Monday, 27 October 2008

Capitalism in Crisis


Capitalism in crisis by Adam Buik (Part 1)

We are living in interesting times, historic times even. We could be witnessing a once in a lifetime event, a major capitalist crisis and slump. What is now happening is an old-fashioned credit crisis such as used to occur at regular intervals in the 19Th century. But also in 1907 and 1929. It’s all there in Marx’s description and analysis of them in Volume III of Marx’s Capital. There’s the same panic, the same bank collapses, the same dash for cash, and the same government intervention to make cash available even by breaking its own rules.

What the existence of a credit crisis shows is that money has been unwisely lent by banks. The loans have turned out to have been unwise because the borrowers have found themselves unable to repay them. If these defaults are widespread and important enough then the whole financial system can be affected. Which is what has happened today?

But how does it come about in the first place that at the same time a large number of borrowers become unable to repay loans?

In the 19Th century the loans that turned bad were made, for instance, typically to cotton manufacturers to export to India or China and proved unsound when more cotton goods were produced than could be absorbed by these markets. Panic set in when the trade bills issued to finance these exports couldn't be honored. In other words, it was caused by some economic event : overproduction in some sector of the real economy in relation to the market (paying demand) for its products, an overproduction brought about by the anarchic pursuit of profits that is built-in to the capitalist system.

This time the loans that turned bad were made, in America, to individuals to buy a house. This stimulated, and then sustained, a boom in housing construction. In the end, paying demand was unable to keep up with the supply of new houses for sale, as demonstrated by the fall in house prices and the increasing number of defaults. In other words, there was overproduction in the US housing sector.

These defaults have had an impact on the whole global financial system because of the way in which the original loans had been financed - or rather re-financed. They had been pooled by batches into bonds by US investment banks, and then pooled again with other loans, into other bonds, and sold by them to other banks and other financial institutions throughout the world, but mainly in America and Europe. So that when the borrowers of the original loans defaulted in large numbers this had an effect on global credit markets.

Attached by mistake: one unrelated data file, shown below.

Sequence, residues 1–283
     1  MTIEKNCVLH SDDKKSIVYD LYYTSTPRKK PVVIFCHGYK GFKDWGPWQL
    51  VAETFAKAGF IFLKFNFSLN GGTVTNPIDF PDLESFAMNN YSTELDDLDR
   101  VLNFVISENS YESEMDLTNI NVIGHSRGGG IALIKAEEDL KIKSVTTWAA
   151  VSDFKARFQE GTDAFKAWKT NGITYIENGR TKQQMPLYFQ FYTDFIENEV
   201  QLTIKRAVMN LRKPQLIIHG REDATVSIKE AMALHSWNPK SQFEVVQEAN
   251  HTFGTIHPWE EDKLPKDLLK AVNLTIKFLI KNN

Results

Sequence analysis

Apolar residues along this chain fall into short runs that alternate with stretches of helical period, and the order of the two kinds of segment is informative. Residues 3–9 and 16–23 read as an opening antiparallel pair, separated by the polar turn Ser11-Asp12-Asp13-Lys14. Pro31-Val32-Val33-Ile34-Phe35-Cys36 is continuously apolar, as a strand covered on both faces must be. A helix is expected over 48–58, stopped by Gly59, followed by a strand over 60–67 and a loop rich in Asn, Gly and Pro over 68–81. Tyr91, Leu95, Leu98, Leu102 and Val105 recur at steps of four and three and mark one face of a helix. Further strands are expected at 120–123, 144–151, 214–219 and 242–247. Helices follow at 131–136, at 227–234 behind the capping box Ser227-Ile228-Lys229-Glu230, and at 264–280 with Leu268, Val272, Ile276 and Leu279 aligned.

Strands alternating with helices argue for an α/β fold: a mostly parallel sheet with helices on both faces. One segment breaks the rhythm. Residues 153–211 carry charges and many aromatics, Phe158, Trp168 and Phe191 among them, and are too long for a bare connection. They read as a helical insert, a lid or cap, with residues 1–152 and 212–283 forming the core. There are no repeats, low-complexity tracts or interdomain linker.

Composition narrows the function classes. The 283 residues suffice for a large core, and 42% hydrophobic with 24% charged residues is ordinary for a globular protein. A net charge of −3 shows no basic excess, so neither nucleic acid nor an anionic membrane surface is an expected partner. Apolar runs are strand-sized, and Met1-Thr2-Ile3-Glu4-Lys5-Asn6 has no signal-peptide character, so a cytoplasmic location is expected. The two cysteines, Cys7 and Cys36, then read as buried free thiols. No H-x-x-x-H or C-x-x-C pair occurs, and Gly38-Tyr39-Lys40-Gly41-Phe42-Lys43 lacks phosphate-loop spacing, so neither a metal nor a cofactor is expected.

The Banking System

I know that as Marxists we are more interested in the events in the real economy that have precipitated the current crisis but, as on the surface it is a banking crisis (which is real enough in its own right), I want to begin by describing the institutional framework within which this banking crisis is taking place.

Most people don't like banks, seeing them as institutions that in some mysterious way create money and then charge interest on it, so getting money for nothing. Actually, banks are financial intermediaries which can only lend money to people and businesses out of money that has been deposited with them or which they have themselves borrowed. As the US Federal Reserve put it in one of their educational documents:

“Banks borrow funds from their depositors (those with savings) and in turn lend those funds to the banks’ borrowers (those in need of funds). Banks make money by charging borrowers more for a loan (a higher percentage interest rate) than is paid to depositors for use of their money.” (http://www.federalreserveeducation.org/fed101/fedtoday/FedTodayAll.pdf. P. 57)

The IMF has even coined a new verb to describe what banks do: they “intermediate”.

Banks are profit-seeking capitalist enterprises in which the owners have invested capital with a view to making a profit. A bank has to have its own capital to invest in the buildings and office equipment and in the wages and salaries of bank workers. The business of a bank is to borrow and re-lend money, basically to channel unused money to where it can be used, most of it going in the end to capitalist enterprises to use as capital to invest in trade and industry.

1 comment:

Yourspace said...

On the 15th of October the PES organized a Prime Ministers’ meeting, prior to the EU Summit.

Yourspace met Sergei Stanishev, Prime Minister of Bulgaria, Wouter Bos, Minister of Finances and deputy Prime Minister of the Netherlands, and Alfred Gusenbauer, Austrian Chancellor, and recorded their comments on the current financial crisis – what is behind it and how can socialists and social democrats tackle the crisis.

Check the videos out and share your opinion on Yourspace.
http://manifesto2009.pes.org/en/debate/post/702

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